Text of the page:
A Transcriptomic Atlas of Mouse Neocortical Layers

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Small effects of mixed read lengths

Two of the five lanes sequenced for sample F (090723_NUTELLA_429NWAAXX.7 & 090723_NUTELLA_429NWAAXX.8), were mapped using 75 nucleotides instead of 50 nucleotides. We believe this to have a negligible impact on our results for the following reasons.

Metrics of sample F including the 75 nt reads (% genome covered, correlation to other samples, % genes covered, etc.) are similar to those of other samples. Indeed, the Spearman’s rank correlation (for genes covered in both sets, since the reduced set has fewer reads) between genic FPKM values from sample F including the 75 nt reads and genic FPKM values from sample F excluding the 75 nt reads (‘reduced’ sample F) is 0.996. This correlation was also 0.996 when only considering genes that were classifiable. When the sample E/F pairwise correlation, among the highest in Online Supplementary Table 2, was recalculated by removing genes not expressed in both sets, it came to 0.982, still lower than 0.996. These datasets are thus similar to one another. As these data were mapped to identical splice sites, we need to consider only the small difference in mappability of 2x50 nt reads versus 2x75 nt reads in the transcriptome. For transcript-level values, the correlation of sample F with the ‘reduced’ sample F was 0.992. For transcripts used in the alternative splicing analysis, the correlation of sample F with the ‘reduced’ sample F was 0.995, suggesting the transcript-level alternative splicing analysis would be affected as little as the gene-level analysis.

Most importantly, all patterning analyses were based on the classifiers. Even if there had been an effect on the genic level, we would expect the classifier metrics to be lowered accordingly.

Layer predictions of genes at FPKM<1.0 have an elevated rate of false positives

To obtain a subset of all genes for classification, we filtered on the basis of confidence intervals as reported by cufflinks. These quantification estimates were previously validated to be accurate even below 1 FPKM using spike-ins and in silico simulation. However, in our experiments, the amount of total sequence gathered per library varied by as much as two fold (Supplemental Expermental Procedures). Hence, even for equivalent levels of ‘true’ normalized FPKM expression, the tightness of confidence intervals will vary amongst libraries.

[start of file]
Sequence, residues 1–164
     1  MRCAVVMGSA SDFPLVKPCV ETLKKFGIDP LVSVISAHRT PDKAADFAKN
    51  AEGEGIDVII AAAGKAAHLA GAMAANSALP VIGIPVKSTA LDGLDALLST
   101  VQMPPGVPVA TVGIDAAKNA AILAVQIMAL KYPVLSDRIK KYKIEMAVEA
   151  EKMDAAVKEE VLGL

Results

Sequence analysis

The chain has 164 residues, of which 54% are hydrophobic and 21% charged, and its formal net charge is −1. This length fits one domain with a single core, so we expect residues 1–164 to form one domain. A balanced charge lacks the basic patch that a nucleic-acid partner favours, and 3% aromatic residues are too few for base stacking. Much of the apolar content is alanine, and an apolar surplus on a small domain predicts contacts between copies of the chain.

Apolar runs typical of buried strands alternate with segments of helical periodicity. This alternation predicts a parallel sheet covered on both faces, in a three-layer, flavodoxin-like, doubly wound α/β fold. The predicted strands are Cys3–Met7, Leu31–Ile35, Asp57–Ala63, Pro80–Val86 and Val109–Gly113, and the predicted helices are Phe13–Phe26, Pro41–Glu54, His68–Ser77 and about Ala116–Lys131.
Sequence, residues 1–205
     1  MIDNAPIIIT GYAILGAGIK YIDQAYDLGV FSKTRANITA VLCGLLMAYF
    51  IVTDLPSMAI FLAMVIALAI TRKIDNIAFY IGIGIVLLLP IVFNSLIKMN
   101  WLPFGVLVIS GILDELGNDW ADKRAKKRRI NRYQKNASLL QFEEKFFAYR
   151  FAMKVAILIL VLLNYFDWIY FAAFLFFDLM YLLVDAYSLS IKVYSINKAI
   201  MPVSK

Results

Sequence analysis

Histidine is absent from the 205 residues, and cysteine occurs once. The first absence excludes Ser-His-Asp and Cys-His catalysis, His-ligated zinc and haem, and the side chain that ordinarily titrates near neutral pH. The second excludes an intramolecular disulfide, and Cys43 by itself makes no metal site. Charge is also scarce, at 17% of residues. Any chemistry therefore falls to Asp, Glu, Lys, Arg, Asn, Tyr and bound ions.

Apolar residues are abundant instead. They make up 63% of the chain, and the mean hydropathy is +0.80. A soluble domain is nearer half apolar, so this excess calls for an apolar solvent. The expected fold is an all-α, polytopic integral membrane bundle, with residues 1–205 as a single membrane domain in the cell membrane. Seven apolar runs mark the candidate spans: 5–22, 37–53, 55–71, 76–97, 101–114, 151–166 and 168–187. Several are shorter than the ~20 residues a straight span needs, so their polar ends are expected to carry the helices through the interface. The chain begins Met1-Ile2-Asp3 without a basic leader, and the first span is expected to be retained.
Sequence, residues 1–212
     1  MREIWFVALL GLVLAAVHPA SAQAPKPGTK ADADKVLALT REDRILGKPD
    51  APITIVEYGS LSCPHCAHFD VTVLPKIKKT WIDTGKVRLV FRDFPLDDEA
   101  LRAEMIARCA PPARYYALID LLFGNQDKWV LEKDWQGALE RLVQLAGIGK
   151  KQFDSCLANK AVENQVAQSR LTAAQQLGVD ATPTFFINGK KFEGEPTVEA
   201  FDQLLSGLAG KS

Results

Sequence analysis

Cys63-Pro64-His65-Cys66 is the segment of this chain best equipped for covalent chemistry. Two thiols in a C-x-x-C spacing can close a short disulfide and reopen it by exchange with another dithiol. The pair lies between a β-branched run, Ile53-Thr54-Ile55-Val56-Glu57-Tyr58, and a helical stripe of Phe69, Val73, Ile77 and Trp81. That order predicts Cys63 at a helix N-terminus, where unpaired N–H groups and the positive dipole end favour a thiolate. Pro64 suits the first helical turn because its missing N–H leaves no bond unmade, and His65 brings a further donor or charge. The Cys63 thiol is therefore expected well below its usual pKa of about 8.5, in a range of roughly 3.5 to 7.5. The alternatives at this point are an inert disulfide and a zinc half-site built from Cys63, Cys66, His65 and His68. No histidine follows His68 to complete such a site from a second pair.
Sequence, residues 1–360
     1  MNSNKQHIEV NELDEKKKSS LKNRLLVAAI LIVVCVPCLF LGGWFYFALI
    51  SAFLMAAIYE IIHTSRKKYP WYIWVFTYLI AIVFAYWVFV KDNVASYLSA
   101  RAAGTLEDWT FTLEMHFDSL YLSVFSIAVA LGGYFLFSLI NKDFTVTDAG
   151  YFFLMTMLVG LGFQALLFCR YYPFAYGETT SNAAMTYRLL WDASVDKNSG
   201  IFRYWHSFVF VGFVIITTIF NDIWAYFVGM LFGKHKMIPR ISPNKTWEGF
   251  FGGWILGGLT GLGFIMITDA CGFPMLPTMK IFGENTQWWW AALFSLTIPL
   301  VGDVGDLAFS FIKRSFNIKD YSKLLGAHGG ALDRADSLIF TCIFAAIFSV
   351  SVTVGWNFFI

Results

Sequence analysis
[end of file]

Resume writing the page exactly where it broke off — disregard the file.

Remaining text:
Indeed, genes that never attain an FPKM>1.0 in any sample are 49% more likely to be called as patterned than the Allen Mouse Brain Atlas (AMBA) curated genes at similar levels of expression (p=0.002; hypergeometric test). It was the only bin of expression in which a significant increase of expression was observed (Figure S3). Instead, for most bins, classifiable genes were significantly less likely than the Allen Mouse Brain Atlas curated genes at equivalent expression levels to be predicted as patterned. This, however, is expected: the Allen Mouse Brain Atlas genes were prioritized for manual curation using a computational algorithm intended to identify genes which were likely to be patterned, based on in situ hybridizations (see here).

So while genes at most expression levels are significantly less likely to be patterned than the AMBA curated genes, only the genes expressed below 1 FPKM in every sample are significantly more likely to be patterned than AMBA curations in that expression range.

Genes are 35% more likely (p<10-11; hypergeometric test) to be called as patterned in this bin than in all the other bins combined. So if we make the simplifying assumption that all bins should have the same ratio of patterned to unpatterned genes, we might estimate that 1-1/1.35=25% of these predicted patterned genes <1.0 FPKM are false positives. Since this bin accounts for 740 predicted patterned genes (11% of the total predicted patterned genes), that indicates 185 false positives, or 2.75% of the total patterned genes. So fewer than ~3% false positives are not already accounted for in our current classifier measures of false positives. Hence, this does not substantially affect the larger set of all patterned genes.

There is a good explanation for why the cufflinks confidence interval-based filtering may not have removed these. The sequencing libraries had not inconsiderable differences in numbers of reads, which means the confidence intervals will be consistently smaller in some. For genes at very low levels of expression (which may not be overlapped in all libraries), this could exclude 'no expression' from the 95% confidence interval of a gene in one library and the same gene could not have a single overlapping read in another library (there are many examples of this), even if they were actually expressed at the same level. Accepting the well-validated cufflinks confidence intervals, this seems the most parsimonious theoretical explanation.

Hence, we suggest the 89% of total predicted patterned genes >1 FPKM may be most fruitful for experimental followup.